Next, to generate the curve atop that green region, let’s look at the x-coordinate of this generic point, pq, and let’s call that quantity x. The corresponding y-coordinate is (1−p)·(1−q), which we can rewrite as (1−p)·(1−x/p), or 1−p−x/p+1. For a fixed value of x, a little calculus will confirm that this expression for y is maximized when p = √x. So the points along the topmost curve have the form (x, (1−√x)2), which means the curve can be represented by the equation y = (1−√x)2.
That was one way to represent the solution, but there were many others. You could have expanded the equation so it became y = 1+x−2√x. Or you could have written it more symmetrically as √x + √y = 1, which some solvers described as a squircle (I gave credit for this, although I usually think of squircles as involving exponents greater than 1).
But perhaps the simplest way to describe this curve was “parabola.” Of course, it didn’t look like the parabola you’d see in a high school algebra textbook because it was rotated by 45 degrees, as illustrated by last week’s winner, Ryan Lafitte, and 🎬 Tom Keith 🎬. Here was Tom’s diagram:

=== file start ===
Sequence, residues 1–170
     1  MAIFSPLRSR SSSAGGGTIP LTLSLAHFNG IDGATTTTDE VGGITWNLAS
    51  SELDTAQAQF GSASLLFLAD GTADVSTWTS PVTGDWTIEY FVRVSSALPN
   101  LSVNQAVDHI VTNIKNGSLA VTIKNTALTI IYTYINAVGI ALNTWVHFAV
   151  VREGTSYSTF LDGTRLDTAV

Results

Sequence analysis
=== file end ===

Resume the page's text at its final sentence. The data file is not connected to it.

To prove this, solver Peter Exterkate transformed the coordinate system, defining the new variables t = (x−y)/√2 and u = (x+y)/√2. According to Peter, the parabola had the equation u = (2t2+1)/(2√2).
I think solver Josh Silverman’s haiku summed this puzzle up rather nicely:
Threads weave secrets tight,
Mystery curve in plain sight,
Shifted view, insight:
Last Week’s Extra Credit
Congratulations to the (randomly selected) winner from last week: 🎻 Lowell Vaughn 🎻, from Bellevue, Washington. For the Extra Credit, I received 38 timely submissions, 36 of which were correct—a rather impressive 95 percent solve rate (for those bold enough to make the attempt).